Some of the risk of being secondary can be reduced by excluding coverage (for auto accident injuries only) for those who do not have auto insurance. This will help protect against the largest claims (where there is no auto insurance) and will impact only those few employees who are willing to drive without the state mandated auto insurance. Excluding auto related injuries for those who do not have auto insurance entails amending the plan to state that auto-related expenses are no longer being covered for those participants.
Another option would be to remove the COB language regarding auto insurance or specify in the plan documents that the plan is primary. Under either of these options, the plan would pay first, with the increased costs associated with that change.
There are two additional paths, one that should be avoided and another that should be pursued only with additional discussion and analysis with your benefits counsel. The first path, which should be avoided, is to place a dollar limit on the amount it will pay towards auto-related medical expenses. This is because the Affordable Care Act (ACA) prohibits annual and lifetime limits on benefits and any cap would likely be seen as an impermissible limit of annual or lifetime benefits. The second path, which should be used only after discussion and analysis with your benefits counsel is excluding all auto-related accident injuries. This exclusion would apply regardless of whether the individual has auto insurance. This path requires further analysis due to concerns it could be interpreted as an annual or lifetime limit. As with the more limited exclusion above, moving from a secondary to exclusionary position would require that the plan be amended and participants and those helping to administer the plan will also need to be informed.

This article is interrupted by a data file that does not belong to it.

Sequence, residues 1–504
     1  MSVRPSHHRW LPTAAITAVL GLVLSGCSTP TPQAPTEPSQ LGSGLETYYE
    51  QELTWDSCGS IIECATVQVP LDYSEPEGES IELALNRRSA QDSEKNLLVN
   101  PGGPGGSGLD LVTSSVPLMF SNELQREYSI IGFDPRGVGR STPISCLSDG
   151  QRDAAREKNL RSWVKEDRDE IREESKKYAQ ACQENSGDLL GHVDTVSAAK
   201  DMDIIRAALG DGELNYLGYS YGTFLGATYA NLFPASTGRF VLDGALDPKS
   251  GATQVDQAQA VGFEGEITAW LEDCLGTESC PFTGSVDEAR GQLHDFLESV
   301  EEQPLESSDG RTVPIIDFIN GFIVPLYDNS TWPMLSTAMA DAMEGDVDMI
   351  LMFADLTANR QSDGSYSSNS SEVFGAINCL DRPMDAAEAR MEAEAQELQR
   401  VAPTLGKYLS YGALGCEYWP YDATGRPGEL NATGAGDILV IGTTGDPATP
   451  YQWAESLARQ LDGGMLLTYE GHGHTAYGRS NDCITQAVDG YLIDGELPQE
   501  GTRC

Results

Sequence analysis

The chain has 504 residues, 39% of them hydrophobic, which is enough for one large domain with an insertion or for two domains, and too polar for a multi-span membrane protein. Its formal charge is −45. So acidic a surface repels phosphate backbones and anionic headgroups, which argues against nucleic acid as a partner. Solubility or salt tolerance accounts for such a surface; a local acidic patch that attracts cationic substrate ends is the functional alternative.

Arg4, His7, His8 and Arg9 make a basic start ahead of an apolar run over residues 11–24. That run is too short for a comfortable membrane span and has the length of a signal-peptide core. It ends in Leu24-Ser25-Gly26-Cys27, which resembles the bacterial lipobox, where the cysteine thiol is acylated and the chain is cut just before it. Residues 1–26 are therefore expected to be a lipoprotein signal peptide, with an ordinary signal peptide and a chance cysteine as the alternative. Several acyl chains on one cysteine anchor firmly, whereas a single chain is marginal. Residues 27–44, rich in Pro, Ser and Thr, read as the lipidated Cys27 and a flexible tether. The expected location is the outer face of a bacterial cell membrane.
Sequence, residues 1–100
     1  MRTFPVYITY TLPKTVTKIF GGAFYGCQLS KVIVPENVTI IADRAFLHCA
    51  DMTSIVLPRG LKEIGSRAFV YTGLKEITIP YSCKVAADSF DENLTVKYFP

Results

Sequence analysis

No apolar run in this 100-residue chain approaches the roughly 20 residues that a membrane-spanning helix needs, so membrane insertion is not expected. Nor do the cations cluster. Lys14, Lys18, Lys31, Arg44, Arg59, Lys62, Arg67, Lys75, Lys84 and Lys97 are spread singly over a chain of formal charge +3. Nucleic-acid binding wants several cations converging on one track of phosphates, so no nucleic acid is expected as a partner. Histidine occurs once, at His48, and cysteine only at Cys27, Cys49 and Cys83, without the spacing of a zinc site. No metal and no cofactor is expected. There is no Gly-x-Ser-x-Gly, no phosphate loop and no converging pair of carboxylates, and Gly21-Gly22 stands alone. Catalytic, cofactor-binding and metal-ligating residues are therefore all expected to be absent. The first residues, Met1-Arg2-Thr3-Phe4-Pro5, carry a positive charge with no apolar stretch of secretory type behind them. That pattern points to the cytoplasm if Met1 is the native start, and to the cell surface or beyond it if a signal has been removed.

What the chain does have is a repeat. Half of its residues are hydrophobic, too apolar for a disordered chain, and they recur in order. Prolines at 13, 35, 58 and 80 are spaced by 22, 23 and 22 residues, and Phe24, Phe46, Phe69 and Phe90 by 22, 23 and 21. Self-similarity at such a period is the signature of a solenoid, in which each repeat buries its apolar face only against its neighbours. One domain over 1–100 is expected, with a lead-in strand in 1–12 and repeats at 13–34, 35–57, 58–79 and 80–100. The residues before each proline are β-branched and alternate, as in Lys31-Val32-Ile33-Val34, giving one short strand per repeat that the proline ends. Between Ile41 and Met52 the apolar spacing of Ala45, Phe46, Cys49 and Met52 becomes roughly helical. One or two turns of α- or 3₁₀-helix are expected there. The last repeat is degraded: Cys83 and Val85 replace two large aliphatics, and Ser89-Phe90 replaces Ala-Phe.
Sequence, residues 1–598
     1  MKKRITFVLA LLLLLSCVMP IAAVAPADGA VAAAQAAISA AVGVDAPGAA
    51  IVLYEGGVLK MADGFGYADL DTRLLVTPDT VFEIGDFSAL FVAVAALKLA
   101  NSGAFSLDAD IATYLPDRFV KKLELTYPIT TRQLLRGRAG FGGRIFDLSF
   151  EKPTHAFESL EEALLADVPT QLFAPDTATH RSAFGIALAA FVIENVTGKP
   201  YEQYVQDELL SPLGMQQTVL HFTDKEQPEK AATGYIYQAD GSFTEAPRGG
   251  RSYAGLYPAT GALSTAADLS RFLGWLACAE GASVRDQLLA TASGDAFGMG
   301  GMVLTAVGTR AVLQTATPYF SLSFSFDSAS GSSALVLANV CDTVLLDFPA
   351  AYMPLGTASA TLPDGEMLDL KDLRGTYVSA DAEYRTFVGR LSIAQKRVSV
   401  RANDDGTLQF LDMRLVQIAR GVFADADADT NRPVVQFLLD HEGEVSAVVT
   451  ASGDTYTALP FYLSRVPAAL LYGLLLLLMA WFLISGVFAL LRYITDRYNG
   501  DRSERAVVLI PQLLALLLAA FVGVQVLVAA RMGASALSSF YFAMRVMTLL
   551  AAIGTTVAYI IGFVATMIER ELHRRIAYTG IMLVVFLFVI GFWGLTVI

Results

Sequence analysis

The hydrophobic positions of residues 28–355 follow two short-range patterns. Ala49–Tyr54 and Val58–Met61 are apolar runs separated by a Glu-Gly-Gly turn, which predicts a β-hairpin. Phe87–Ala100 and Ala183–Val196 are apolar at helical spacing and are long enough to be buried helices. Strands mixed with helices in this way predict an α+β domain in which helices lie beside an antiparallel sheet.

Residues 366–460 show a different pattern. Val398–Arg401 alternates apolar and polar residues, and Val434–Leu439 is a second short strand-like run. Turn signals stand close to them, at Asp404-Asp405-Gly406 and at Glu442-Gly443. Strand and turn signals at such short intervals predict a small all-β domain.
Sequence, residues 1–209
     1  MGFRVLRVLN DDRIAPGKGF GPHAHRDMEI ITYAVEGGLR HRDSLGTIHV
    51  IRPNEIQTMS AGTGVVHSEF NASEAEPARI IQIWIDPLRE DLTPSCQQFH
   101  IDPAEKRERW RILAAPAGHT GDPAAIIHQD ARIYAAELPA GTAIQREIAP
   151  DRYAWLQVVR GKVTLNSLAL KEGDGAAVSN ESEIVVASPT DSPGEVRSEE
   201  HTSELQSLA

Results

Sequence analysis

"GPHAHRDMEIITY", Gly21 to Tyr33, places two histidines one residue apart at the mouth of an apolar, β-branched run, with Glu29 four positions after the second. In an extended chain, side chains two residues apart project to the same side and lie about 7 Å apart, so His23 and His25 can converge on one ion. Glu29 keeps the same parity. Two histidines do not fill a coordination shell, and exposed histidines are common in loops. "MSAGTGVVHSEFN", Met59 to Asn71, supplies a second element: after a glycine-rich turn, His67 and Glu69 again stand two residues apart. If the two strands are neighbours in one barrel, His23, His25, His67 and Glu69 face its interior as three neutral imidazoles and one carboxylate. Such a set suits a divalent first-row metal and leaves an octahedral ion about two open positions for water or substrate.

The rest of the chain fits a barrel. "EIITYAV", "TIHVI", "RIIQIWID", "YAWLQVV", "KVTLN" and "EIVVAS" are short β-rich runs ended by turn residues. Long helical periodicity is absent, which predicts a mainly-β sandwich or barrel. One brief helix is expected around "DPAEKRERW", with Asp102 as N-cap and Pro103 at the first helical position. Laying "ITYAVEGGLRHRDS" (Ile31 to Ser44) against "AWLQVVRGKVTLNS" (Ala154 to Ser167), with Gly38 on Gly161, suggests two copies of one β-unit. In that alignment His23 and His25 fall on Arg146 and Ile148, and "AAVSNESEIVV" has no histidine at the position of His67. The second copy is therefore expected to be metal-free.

In addition, if the plan has stop-loss coverage, the plan sponsor should make sure the insurer will accept any changes to the plan’s COB provisions.
Self-insured health plans should consider taking the following steps before the July 1, 2020 effective date of the changes to PIP in Michigan:
- Review plan documents to determine what, if any, COB provision exists.
- Determine if any changes to the COB provision is appropriate.
- To the extent changes are desired, coordinate with the stop-loss insurer, legal counsel and plan administrator to implement the changes and amend the plan documents.
- Inform participants of when, if any, auto-related medical expenses are covered by the plan.
For additional information, contact Ed Hammond (firstname.lastname@example.org@clarkhill.com
PFAS Restrictions: What Should You Be Doing?Explore more
Clark Hill's Alex Yastremski Guides NFT Platform Through Fundraising RoundExplore more
Up in Smoke: Navigating Marijuana Laws in the Workplace
Employees’ lawful use of marijuana—both recreational and medical—presents numerous traps for the unwary employer. This webinar will address the various legal and practical issues that matter to employers and HR professionals when confronting employees’ lawful marijuana use.